“Brain Dead” and Life Support for Jahi McMath and Maybe Someday for Us

After an operation for sleep apnea, Jahi McMath had sever bleeding and went into cardiac arrest.  She was then tested by two doctors and pronounced dead or in other words “brain dead”.   Jahi body is being kept alive by medicine and the breathing machine.

Jahi_PoolPhoto from FoxNews

The family feel that the operation was batched and they want to keep Jahi on the breathing machine.  But the hospital said that she needs to be taken off because she is dead.  As soon as a person is pronounced, by two doctors (usually neurologist), as being “brain dead”, that is equal to signing the death certificate.

I am totally against the idea of “brain death”.  I have been present when many of these people have been classified as brain dead and they are kept on life support until they can have their organs harvested if the family allows this.

“Brain death” is a totally new concept.
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 Before death was only determined by the heart that has stopped beating and when no breath was coming out of the nose or mouth.   A person who is pronounced “brain dead” is totally alive in the sense that their heart is beating and the machine keeps them breathing.  Everything keeps on functioning in the body, as a normal person, other than there is no apparent brain activity.

I am happy to see a professional willing to stand up for the families of those so called “brain dead” people.  The more that they learn about the brain, the more they are learning that they do not know what is going on, in spite of the normal brain waves that can not be observed.

“The family’s attorney also asked Judge Evelio Grillo to allow a third evaluation by Paul Byrne, a pediatric professor at the University of Toledo. The hospital’s attorney objected to Byrne, saying he is not a pediatric neurologist.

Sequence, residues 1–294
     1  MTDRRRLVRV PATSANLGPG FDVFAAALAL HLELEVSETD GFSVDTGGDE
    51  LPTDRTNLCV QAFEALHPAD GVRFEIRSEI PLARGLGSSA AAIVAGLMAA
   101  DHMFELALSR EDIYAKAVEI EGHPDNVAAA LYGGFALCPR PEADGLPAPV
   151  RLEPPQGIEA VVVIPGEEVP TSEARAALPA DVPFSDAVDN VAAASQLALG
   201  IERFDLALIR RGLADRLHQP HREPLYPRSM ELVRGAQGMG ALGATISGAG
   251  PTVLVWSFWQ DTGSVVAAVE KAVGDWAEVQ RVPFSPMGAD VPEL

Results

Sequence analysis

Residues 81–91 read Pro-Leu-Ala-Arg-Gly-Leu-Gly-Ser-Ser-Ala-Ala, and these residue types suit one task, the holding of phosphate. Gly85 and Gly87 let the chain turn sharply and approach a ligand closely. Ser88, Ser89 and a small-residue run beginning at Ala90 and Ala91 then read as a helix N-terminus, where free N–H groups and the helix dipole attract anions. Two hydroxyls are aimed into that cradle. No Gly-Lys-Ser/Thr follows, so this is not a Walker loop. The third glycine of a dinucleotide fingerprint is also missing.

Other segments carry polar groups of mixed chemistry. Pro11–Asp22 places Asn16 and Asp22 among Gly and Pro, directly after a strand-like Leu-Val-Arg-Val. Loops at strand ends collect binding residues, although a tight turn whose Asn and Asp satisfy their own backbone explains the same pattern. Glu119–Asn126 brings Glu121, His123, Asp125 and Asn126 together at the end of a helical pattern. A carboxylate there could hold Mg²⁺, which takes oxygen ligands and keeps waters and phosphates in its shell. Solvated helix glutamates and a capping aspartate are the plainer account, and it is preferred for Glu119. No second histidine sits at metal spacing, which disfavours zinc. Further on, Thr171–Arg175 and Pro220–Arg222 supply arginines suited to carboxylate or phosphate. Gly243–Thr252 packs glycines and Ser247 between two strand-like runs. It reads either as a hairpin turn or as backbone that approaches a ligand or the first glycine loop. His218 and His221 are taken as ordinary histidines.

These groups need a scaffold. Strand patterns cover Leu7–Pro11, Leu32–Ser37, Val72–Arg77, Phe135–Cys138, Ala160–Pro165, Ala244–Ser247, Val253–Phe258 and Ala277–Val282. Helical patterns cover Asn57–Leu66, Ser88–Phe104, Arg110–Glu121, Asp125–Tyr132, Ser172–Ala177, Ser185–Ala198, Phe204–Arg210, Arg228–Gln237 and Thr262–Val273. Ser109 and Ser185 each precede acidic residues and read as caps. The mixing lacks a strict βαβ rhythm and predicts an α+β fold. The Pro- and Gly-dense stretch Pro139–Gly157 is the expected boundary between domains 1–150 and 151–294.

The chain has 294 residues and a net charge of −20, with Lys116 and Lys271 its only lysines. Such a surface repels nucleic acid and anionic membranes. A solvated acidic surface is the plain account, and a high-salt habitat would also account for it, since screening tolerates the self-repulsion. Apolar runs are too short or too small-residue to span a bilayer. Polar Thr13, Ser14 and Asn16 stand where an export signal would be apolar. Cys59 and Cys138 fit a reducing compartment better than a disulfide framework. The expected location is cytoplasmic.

The judge is expected to consider the request to use Byrne, and another hearing was scheduled for Tuesday morning.

Byrne is the co-editor of the 2001 book “Beyond Brain Death,” which presents a variety of arguments against using brain-based criteria for declaring a person dead.

In a phone interview, Byrne said he could not comment in detail because he had not seen any of Jahi’s medical records. But the fact that her ventilator is still functioning properly is a sign that she is alive, he said.

“The ventilator won’t work on a corpse,” he said. “In a corpse, the ventilator pushes the air in, but it won’t come out. Just the living person pushes the air out.” FoxNews

The test I have witnessed were for reflex reaction, eye dilation when exposed to bright light and water in the ear drum.  They also test for brain waves.  They also see if the person can breath with out the breathing machine (over breathe the machine).

Each human is unique and should be given time to see if they recover.  But as stated by the hospital representative, the insurance will not pay for a person who is pronounced brain dead to keep this person on life support which cost thousands of dollars a day.

A long time ago I read an article in the New England Medical Journal of four things that mimic brain death.  I do not remember then all, but I do remember hypothermia and being on drugs.

Let us pray for Jahi and her family.  This is a horrible experience for them.  Let us also pray for doctors to come up with a better way to determine if there is any brain activity, that can not now be measured, so that those who could recover, can be kept on the machines until they are able to live with out the machines.
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We are so fortunate to be conscious and alive.  And when ever there is a doubt if a person may recover or may not recover, we always have to opt for life no matter what the cost.